Neighboring is something we’ve come to love since the day we moved to Colorado to plant Storyline Fellowship. While we haven’t mastered the art of neighboring, this is something we continue to lean into. We’ve tried to simplify what it means to be a good neighbor and build relationships with the people God has placed around us. Here are 10 ideas of ways to get to know your neighbors, ranging from easy to hard.
- Borrow something
This sounds so simple, but it really works. Recently, a neighbor rang our doorbell and asked to borrow some flour. That request created an immediate connection. It’s a demonstration of humility when you walk across the street and say, “Can you help me?” Good neighbors learn how to rely on one another. If you have a neighbor who’s especially handy, reach out to borrow a tool. Just remember to return it!
- Invite your neighbor to go for a walk
If you’re not a walker, then have a cup of coffee with a neighbor on your porch. Getting fresh air is a simple way to bond with another person.
- Host a s’mores night around a campfire
Before you know it, you’ll be laughing and swapping stories. This is a great idea for the fall.
- Pizza on the porch
When the weather’s nice, shoot your neighbors a text inviting them for an easy dinner on the porch where everybody chips in for the food.
- Plan a street party
We got this idea from a neighbor when we moved to Nashville. She sent everyone in the neighborhood an email with a link to sign up with their name, phone number, and what they were going to bring. The day of the party she had tables set out with tablecloths, plates, and napkins.
- Start a group text with your neighbors
I (Ben) sent a thread to all the guys on our street that said, “Hey, if anybody’s ever missing duct tape or WD-40 or something, throw that need in this thread, and surely one of us has it.” That group text has become extremely helpful and has created a connection with the men on our street.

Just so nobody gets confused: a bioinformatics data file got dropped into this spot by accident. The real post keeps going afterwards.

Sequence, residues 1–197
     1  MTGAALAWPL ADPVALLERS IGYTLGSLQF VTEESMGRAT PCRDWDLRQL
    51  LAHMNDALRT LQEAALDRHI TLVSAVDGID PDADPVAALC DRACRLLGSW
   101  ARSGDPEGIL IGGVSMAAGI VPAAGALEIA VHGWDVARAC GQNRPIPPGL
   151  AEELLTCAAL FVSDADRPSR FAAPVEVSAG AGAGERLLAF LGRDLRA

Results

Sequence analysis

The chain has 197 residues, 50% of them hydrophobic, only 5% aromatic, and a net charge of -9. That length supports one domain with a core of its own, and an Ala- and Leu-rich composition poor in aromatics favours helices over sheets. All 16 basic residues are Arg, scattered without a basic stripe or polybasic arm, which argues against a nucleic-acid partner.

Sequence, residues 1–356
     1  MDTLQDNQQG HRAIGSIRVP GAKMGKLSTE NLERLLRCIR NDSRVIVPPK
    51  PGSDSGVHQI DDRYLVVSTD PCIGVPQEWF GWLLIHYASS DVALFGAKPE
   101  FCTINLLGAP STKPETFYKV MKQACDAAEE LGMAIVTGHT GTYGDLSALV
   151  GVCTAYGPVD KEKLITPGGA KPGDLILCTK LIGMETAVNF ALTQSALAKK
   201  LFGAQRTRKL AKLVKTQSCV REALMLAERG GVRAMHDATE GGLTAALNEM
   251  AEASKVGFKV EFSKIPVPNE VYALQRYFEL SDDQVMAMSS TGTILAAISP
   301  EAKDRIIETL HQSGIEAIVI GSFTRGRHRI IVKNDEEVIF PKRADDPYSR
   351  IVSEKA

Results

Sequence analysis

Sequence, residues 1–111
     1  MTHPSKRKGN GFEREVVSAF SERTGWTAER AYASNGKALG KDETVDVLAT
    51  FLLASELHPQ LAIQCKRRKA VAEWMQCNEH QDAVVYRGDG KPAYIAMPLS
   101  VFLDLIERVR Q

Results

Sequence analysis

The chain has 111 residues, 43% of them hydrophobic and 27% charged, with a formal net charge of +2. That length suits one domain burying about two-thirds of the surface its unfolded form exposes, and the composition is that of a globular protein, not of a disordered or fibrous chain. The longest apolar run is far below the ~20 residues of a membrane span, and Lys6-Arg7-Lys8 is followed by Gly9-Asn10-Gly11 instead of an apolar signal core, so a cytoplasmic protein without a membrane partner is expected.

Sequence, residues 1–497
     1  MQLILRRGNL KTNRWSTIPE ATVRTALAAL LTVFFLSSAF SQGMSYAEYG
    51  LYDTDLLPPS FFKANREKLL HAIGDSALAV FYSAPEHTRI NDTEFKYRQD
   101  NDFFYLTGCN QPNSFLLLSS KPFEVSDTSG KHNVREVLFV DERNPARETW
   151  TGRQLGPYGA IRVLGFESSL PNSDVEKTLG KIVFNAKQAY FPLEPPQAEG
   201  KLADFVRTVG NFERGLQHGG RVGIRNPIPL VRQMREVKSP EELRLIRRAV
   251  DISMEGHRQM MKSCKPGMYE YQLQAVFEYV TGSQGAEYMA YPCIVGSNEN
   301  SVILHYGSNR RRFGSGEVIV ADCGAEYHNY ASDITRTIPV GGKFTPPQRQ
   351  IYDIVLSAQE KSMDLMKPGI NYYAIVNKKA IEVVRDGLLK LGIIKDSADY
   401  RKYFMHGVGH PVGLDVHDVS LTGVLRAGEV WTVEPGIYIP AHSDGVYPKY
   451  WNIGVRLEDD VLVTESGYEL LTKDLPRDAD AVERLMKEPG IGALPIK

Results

- Start a fantasy football league or March Madness tournament bracket
This is a great way to get to know the sports fans on your street. Host a fantasy football draft at your house or a Final Four watch party.
- Give a simple gift
Choose something inexpensive like a candle, a bottle of scented hand soap, or a plant. Attach a note and leave it on their front porch. Thanksgiving is the perfect time to place a gift on every neighbor’s porch with a note saying, “Thankful to have you as a good neighbor.” It’s a simple and thoughtful gesture people appreciate.
- Take advantage of seasons and holidays
Have a back-to-school party when it’s time for kids to return to the classroom. Kick off the summer with hot dogs and lemonade. Host a chili cookoff or pumpkin-carving contest in the fall. Decorate gingerbread houses leading up to Christmas. The options are endless.
- Host a different neighbor in your home once a month
Whether it’s to watch a game together or share a meal, commit to protecting one day of each month. This idea requires the most intentionality. It also requires planning ahead, but it’s so worth it. There’s something about sharing a meal together that changes a relationship. So, when you have someone in your home, put some chicken on the grill and hang out around your table.
We hope these suggestions fuel more ideas for developing deeper relationships with your neighbors. We’ve been placed in the world and on our streets for such a time as this. Let’s steward our lives and ministries well by inviting people into them.